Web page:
Please use this identifier to cite or link to this item: http://hdl.handle.net/11690/3351
Authors: Ellwanger, Joel Henrique
Fearnside, Philip Martin
Ziliotto, Marina
Valverde-Villegas, Jacqueline María
Veiga, Ana Beatriz G. da
Vieira, Gustavo Fioravanti
Bach, Evelise
Cardoso, Jáder C.
Müller, Nícolas Felipe D.
Lopes, Gabriel
Caesar, Lílian
Kulmann-Leal, Bruna
Kaminski, Valéria L.
Silveira, Etiele S.
Spilki, Fernando R.
Weber, Matheus N.
Matos Almeida, Sabrina E. de
Hora, Vanusa P. da
Chies, José Artur B.
Title: Synthesizing the connections between environmental disturbances and zoonotic spillover
Keywords: Amazon Forest;Biodiversity;Disease ecology;Outbreak;Spillover;Zoonosis
Issue Date: 2022
Publisher: Anais da Academia Brasileira de Ciências
Citation: ELLWANGER, J. H. et al. Synthesizing the connections between environmental disturbances and zoonotic spillover. Anais da Academia Brasileira de Ciências [online]. 2022, v. 94, n. 3, e20211530, 2022. Disponível em: https://doi.org/10.1590/0001-3765202220211530. Acesso em: 10 out. 2022.
Abstract: Zoonotic spillover is a phenomenon characterized by the transfer of pathogens between different animal species. Most human emerging infectious diseases originate from non-human animals, and human-related environmental disturbances are the driving forces of the emergence of new human pathogens. Synthesizing the sequence of basic events involved in the emergence of new human pathogens is important for guiding the understanding, identifi cation, and description of key aspects of human activities that can be changed to prevent new outbreaks, epidemics, and pandemics. This review synthesizes the connections between environmental disturbances and increased risk of spillover events based on the One Health perspective. Anthropogenic disturbances in the environment (e.g., deforestation, habitat fragmentation, biodiversity loss, wildlife exploitation) lead to changes in ecological niches, reduction of the dilution effect, increased contact between humans and other animals, changes in the incidence and load of pathogens in animal populations, and alterations in the abiotic factors of landscapes. These phenomena can increase the risk of spillover events and, potentially, facilitate new infectious disease outbreaks. Using Brazil as a study model, this review brings a discussion concerning anthropogenic activities in the Amazon region and their potential impacts on spillover risk and spread of emerging diseases in this region.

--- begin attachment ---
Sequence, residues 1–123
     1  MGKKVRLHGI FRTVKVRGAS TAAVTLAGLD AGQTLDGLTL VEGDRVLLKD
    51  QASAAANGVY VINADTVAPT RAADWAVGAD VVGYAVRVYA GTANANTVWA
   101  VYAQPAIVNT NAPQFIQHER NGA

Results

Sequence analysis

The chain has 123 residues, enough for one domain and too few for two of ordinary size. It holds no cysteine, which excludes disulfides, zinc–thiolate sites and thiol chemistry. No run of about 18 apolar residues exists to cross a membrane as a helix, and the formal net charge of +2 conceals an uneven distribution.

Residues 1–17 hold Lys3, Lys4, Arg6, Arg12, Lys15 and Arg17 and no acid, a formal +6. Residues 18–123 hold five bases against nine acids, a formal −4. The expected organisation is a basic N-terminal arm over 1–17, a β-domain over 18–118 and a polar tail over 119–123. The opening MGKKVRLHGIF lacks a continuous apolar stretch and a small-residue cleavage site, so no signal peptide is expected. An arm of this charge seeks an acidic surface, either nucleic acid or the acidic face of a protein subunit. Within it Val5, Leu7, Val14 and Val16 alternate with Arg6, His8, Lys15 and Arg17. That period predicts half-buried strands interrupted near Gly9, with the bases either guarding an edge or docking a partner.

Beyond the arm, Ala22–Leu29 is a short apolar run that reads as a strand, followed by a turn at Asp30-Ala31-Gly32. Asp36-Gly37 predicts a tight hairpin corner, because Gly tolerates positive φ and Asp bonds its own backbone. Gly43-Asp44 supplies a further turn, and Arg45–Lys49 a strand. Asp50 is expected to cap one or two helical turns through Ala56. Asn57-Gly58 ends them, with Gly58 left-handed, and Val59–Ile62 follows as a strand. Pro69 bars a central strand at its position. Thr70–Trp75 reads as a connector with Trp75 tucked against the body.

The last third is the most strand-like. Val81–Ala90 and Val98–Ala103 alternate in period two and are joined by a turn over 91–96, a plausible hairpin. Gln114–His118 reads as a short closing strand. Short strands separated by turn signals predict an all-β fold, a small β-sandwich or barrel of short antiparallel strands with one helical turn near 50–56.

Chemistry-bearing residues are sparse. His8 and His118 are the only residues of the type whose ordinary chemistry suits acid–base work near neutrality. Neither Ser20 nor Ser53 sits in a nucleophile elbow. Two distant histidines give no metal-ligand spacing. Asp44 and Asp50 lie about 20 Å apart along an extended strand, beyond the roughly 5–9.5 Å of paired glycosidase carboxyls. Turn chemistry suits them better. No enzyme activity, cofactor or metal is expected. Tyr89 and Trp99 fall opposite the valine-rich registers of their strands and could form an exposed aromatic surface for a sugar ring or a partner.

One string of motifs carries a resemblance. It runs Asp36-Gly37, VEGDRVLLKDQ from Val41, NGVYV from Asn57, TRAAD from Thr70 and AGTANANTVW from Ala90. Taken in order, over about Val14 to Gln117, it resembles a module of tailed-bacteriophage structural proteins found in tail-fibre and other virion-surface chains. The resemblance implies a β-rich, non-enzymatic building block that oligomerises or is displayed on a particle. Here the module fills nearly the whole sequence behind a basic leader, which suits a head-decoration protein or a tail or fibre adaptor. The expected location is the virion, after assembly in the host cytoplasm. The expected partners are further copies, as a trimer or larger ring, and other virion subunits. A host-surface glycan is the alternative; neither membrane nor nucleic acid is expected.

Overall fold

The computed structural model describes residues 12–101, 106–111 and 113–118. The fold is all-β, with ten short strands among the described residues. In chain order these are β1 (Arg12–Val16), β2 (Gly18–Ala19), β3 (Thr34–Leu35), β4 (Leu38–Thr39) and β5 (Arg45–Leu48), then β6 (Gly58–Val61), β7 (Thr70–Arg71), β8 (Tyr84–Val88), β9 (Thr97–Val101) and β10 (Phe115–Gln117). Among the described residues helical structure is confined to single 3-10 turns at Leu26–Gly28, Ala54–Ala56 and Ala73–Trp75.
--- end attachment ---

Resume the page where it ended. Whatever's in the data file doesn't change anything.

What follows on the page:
Appears in Collections:Artigo de Periódico (PPGSDH)

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